Stephen Jones fires latest shot in Cowboys contract saga: 'I have a lot of respect for most agents, but ... '

The Dallas Cowboys’ signing of linebacker Jaylon Smith to an extension Tuesday wasn’t such a big deal because of who got signed, but rather who didn’t.

Now management is using the deal as a weapon in the team’s very public contract negotiations with their offensive stars.

While the Cowboys locked up a key piece of their emerging young defense, their three offensive stars remain without new deals.

Quarterback Dak Prescott, running back Ezekiel Elliott and wide receiver Amari Cooper are all in reported negotiations with the team.

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Cowboys use Smith deal to target agents

The team made Smith’s contract extension public on Wednesday in a news conference.

Cowboys brass leveraged the occasion to ramp up pressure on negotiations, with executive vice president — and son of Jerry Jones — Stephen Jones taking his shot in the ongoing contract soap opera.

Jones set his sights not on the players, but their agents.

“I have a lot of respect for, you know, most agents,” Jones told reporters. “I really do. I think they’re trying to do their job for these players. But I do think sometimes they don’t have the end game that maybe the players should and we do.”


Who’s the intended target?

The comment wasn’t directed at anyone in particular. No names were named. But with Elliott’s holdout escalating into a public spat between agent Rocky Arceneaux and Jerry Jones, it’s not hard to do the math on who the target is here.

Arceneaux is a veteran NFL agent who founded the Alliance Management Group that has represented players like Marshall Faulk and Eric Dickerson. He’s negotiated high-profile deals before.

But by leaving names unnamed, Jones made sure the message was delivered in terms of Prescott and Cooper’s negotiations as well.

Cowboys management used Jaylon Smith's press conference Wednesday as a weapon in their public contract disputes. (Getty)
Cowboys management used Jaylon Smith's press conference Wednesday as a weapon in the team's public contract disputes. (Getty)

So do you care about money or winning?

Jones continued to pile on the pressure with talk of winning and championships, shining a negative light on players and agents fighting for their own financial best interests in an apparent attempt to pit players against their agents.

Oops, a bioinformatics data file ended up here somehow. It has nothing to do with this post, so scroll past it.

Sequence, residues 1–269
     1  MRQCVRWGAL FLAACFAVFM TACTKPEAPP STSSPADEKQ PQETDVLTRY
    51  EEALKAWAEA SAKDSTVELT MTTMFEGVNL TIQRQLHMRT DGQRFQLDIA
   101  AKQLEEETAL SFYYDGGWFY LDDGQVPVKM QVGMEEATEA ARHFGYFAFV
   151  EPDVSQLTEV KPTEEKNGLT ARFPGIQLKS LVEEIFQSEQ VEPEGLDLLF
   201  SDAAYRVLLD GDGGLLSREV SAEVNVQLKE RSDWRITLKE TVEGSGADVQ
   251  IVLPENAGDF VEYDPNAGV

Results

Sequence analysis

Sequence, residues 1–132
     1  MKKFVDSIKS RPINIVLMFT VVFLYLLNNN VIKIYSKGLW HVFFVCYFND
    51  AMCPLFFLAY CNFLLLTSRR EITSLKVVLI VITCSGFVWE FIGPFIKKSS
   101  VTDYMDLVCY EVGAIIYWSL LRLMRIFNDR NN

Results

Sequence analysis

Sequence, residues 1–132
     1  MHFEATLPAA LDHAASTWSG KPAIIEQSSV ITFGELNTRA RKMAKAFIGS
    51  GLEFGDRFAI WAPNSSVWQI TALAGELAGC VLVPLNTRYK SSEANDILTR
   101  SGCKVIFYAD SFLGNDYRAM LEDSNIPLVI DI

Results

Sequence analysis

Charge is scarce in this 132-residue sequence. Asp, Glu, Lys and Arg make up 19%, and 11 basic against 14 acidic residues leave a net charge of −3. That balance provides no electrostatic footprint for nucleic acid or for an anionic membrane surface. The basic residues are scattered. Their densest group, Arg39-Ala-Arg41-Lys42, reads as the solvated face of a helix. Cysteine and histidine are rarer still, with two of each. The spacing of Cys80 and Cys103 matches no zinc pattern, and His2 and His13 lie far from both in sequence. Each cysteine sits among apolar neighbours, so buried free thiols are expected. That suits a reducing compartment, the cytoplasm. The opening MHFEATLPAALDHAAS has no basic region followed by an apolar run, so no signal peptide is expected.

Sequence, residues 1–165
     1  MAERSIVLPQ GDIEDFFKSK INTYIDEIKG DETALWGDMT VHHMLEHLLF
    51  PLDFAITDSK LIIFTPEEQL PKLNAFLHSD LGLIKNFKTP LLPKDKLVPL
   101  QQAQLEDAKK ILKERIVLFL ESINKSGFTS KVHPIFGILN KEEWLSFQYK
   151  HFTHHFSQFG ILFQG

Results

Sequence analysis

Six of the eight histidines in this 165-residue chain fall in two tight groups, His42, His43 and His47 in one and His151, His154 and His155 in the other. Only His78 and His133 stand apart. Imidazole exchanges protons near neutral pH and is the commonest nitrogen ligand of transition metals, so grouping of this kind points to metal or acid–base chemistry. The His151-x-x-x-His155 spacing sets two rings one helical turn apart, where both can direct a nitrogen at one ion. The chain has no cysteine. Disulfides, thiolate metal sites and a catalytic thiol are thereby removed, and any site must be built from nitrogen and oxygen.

“I think sometimes our players have to realize that their representatives don’t always have what’s in the best interest, getting the very most they can for the players may not be in the interest of their long-term future if they want to – and I’m totally convicted all our players do – want to win championships and keep these young players right now. I don’t think the representatives, and they’re all good ones, feel like that’s their problem.”

Jones is right there on one point. It’s not the agents’ problem to worry about championships. Their jobs are to get the best possible deals they can for their clients. It’s management’s job to worry about budgeting in terms of building championship contenders.

Blame the salary cap

And it’s a challenge of their own making. Ownership has engrained the salary cap into the fabric of the collective bargaining agreement. And the Cowboys are left to worry about divvying up the pie rather than pay true market value for their stars.


And make no mistake. This is 100 percent a salary cap issue. Forbes recently estimated Jerry Jones to have a net worth of $5 billion after buying the Cowboys for $140 million in 1989. Paying players their true market value is not an organic problem for the Cowboys.

But the cap exists, and the Cowboys are in a quandary because of it.

‘There is less pie left’

Jerry Jones addressed the cap issue directly Wednesday in light of Smith’s deal, noting “there is less pie left, make no bones about it.”

He also appeared to recruit Smith in delivering the team’s messaging.

“Allowing myself to understand my ego but not identify with it,” Smith said of his contract negotiations. “I can be aware we all have egos for better or for worse, but if you don’t identify with them, you’re really able to be present.”


Meanwhile Elliott remains in Cabo San Lucas, apparently nowhere near a deal that satisfies his demands.

This promises to get uglier before the two sides find resolution — or don’t.

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